They are parents now, they conceded, but they are also children of the sixties who know the value of a good demonstration. That is why the parents of youngsters attending Harmony Hills Elementary School in Silver Spring decided to stage a sit-in demonstration in front of the school over the weekend to protest its closing.

About 250 parents, ranging in age from late 20s to early 40s, began the sit-in vigil at 7:30 p.m. Friday. The vigil will end tonight at 7:30 in the school gym.

The protest would not have been necessary, some parents said, if school board members had listened to their pleas when they used the traditional methods of attention getting - telephoning officials, writing letters of protest, holding meetings to make their views known.

"We tried all the other options open to us. We did it sanely and we went by all the guidelines. But we felt that our points weren't being made," said Sally Farrokhshahab.

"We're not radicals,' said Jane Sheldon, another parent. "But we felt our backs were up against the wall . . . our calls and letters to the school board weren't enough."

On the surface yesterday, the demontsration looked more like a neighborhood outing. The parents brought along lawn chairs for their "sit-in," along with a coffee urn, pitchers of soft drinks and boxes of cookies. Some even parked campers in front of the school.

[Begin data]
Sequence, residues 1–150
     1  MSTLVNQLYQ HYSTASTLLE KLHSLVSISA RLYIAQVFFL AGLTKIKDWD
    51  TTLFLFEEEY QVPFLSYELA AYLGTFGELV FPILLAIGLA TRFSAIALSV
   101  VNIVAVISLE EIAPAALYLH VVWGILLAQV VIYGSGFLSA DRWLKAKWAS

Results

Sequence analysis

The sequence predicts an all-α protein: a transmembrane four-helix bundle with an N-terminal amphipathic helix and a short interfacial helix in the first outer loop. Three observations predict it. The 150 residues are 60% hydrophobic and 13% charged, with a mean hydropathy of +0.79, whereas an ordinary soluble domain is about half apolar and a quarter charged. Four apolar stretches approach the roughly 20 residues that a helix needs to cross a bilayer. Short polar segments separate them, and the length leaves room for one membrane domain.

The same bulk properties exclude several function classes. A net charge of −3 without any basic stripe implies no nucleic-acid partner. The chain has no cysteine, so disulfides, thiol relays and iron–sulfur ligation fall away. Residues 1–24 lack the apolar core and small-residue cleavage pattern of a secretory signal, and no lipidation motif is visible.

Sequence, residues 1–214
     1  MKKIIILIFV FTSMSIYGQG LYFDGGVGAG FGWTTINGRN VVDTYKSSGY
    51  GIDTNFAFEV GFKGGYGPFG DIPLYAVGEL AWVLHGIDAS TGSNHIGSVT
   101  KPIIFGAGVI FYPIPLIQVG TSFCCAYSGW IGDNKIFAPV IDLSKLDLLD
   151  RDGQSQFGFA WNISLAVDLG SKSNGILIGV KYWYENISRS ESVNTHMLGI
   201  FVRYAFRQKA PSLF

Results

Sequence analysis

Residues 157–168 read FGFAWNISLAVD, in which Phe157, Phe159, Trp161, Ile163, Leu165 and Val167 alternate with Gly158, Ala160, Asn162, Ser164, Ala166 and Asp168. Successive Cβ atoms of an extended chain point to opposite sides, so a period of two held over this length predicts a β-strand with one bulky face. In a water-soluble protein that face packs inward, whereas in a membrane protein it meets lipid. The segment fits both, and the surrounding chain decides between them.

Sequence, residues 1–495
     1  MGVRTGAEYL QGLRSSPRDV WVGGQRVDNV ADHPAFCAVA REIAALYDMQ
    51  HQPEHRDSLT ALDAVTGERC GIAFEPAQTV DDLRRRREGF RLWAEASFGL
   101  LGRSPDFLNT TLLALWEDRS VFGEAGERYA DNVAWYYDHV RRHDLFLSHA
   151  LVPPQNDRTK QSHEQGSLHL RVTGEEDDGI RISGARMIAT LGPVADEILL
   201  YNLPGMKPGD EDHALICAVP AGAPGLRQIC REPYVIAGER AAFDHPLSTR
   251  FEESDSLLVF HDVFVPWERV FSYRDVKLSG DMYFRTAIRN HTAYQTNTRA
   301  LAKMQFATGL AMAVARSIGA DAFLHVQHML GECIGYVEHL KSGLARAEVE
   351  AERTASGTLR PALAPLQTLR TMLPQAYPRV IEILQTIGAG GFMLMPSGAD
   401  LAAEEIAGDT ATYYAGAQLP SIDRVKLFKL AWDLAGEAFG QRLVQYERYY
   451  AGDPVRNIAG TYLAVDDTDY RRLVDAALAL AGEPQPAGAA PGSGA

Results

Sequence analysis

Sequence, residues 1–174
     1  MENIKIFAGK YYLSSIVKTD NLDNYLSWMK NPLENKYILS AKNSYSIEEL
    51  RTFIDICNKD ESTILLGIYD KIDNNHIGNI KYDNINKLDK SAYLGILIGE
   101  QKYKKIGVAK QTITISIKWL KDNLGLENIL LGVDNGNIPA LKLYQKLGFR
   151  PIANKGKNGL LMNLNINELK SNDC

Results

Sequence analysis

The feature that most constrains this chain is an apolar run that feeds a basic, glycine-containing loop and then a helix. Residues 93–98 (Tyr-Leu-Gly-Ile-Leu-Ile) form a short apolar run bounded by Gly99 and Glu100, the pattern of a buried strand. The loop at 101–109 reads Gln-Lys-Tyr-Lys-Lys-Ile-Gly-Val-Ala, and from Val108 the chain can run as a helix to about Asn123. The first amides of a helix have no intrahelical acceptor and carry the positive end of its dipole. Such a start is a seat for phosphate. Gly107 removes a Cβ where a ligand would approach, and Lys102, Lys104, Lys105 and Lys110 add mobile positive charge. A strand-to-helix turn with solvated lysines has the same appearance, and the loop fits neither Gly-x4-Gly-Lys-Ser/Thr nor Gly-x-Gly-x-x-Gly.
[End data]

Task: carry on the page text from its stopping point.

Their children, meanwhile, occupied themselves during the day by playing games and riding bikes and tricycles around their protesting parents.

Around the school, the parents had planted signs which read, "Harmony Hills Is A Jewel of a School," "Let All Montgomery Schools Have a Fair Shake" and "It could Happen To You."

"I really feel this (protest) has brought the community closer," said one parent who had been present all night Saturday.

The Harmony Hills parents have asked the school board to grant an appeals hearing over the closing.Board member Blair Ewing, however, said it is unlikely the board will grant the hearing when it votes on the matter tomorrow, or that it will change its mind the 4-to-2 vote about closing Harmony Hills. Ewing and Marian Greenblatt cast the only opposition votes.

Harmony Hills is one of six schools the board voted to close this year because of declining enrollments. Other elementary schools slated for closing are Aspen Hill, Tuckerman, Maryvale, Holiday Park and Woodley Gardens.